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California’s 4600 Notice “Request For Tax Return” – The Definitive Guide for Nonresidents

 

Burn notice 4600 notice

The Issue

​Nonresidents who own vacation homes, business interests, financial accounts, or have other significant contacts in California can receive a notice from the Franchise Tax Board, California’s tax enforcement agency, demanding they file a tax return or explain why they aren’t required to. The official notice number is 4600 (you can find the designation on the lower left bottom of the Notice). Hence the name, “4600 Notice.” It’s also called a “Request for Tax Return,” since the verbiage has appeared in bold on the Notice since about 2017. If a nonresident owns a second home or uses some other address in California, the Notice is often mailed there (which can be a problem if it’s an unoccupied vacation home without mail forwarding, since the deadline for responding may be missed before the recipient even knows the Notice has arrived). But it can also be sent to their out-of-state address. Nonresidents who receive the Notice are often perplexed and concerned about why they received the Notice, and how they are supposed to respond. This article clarifies what the Notice is about, the risk it poses, and the options nonresidents have for responding.

Overview: Good News, Bad News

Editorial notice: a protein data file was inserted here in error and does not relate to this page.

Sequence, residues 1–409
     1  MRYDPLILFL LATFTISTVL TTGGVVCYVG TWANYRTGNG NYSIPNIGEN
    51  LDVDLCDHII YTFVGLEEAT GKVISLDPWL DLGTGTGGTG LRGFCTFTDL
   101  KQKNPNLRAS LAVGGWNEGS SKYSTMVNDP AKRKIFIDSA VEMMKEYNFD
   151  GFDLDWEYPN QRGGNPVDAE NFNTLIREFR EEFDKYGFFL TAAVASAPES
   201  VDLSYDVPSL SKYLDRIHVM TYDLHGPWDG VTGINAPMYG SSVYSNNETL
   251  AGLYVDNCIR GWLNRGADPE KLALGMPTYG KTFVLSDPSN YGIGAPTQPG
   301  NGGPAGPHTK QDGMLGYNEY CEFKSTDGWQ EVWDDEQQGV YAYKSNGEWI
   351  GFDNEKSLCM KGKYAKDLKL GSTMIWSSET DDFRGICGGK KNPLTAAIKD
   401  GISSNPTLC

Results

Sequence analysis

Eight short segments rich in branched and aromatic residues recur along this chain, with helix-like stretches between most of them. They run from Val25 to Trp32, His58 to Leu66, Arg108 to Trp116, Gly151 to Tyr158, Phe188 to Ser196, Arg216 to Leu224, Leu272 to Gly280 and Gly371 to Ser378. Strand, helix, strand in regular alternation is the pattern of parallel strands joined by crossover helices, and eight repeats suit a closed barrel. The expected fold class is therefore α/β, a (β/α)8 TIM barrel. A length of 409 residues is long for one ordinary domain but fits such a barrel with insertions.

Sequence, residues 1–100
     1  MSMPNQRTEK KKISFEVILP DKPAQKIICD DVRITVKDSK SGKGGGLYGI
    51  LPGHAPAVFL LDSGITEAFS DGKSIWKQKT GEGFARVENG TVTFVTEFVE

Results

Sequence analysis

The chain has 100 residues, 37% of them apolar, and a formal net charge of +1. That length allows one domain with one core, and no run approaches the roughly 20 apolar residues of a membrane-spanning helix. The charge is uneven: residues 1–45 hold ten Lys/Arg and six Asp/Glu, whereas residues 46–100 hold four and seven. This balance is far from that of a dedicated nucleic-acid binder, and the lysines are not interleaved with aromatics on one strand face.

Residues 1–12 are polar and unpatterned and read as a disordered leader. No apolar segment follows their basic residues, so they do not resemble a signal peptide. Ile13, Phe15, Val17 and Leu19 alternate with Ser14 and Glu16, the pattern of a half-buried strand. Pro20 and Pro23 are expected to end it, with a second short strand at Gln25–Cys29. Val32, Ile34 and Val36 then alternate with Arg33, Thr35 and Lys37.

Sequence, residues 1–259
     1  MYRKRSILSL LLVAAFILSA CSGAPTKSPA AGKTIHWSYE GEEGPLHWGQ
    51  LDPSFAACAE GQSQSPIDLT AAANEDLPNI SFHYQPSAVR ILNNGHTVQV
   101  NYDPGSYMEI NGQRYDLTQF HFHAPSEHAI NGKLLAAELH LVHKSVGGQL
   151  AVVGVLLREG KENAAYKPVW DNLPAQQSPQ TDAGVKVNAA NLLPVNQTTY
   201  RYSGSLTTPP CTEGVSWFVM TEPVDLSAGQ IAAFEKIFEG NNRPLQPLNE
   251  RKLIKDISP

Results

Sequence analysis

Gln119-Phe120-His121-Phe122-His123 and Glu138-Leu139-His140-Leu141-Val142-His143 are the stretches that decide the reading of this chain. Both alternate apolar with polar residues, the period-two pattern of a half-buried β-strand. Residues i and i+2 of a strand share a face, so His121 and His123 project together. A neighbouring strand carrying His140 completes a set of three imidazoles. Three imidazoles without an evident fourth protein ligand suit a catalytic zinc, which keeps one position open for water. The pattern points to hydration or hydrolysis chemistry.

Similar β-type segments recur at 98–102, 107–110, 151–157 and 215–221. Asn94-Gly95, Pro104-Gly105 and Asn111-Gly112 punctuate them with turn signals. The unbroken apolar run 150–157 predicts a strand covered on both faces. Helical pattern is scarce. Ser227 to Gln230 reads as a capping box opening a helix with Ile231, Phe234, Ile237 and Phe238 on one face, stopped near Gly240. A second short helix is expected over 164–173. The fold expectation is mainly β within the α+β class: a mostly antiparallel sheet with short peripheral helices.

The good news is in most cases the Notice is a result of a mistake or some misinformation, discussed below at length, which can often be easily explained, resolving the matter. The bad news is, in some cases the Notice may put at risk the recipient’s nonresident status if they haven’t been careful in planning how their contacts with California compare with their home state. This is particularly true for former residents who recently moved from California, retained substantial connections with the state, and may not have disentangled themselves sufficiently from California residency to meet the legal standard. But it also can raise problems for longstanding nonresidents who have been spending more time at their California vacation home than their primary residence. The 4600 Notice is not the start of an official residency audit, but in cases like the ones just mentioned, it can be the prelude to a full audit if a proper, timely response isn’t made.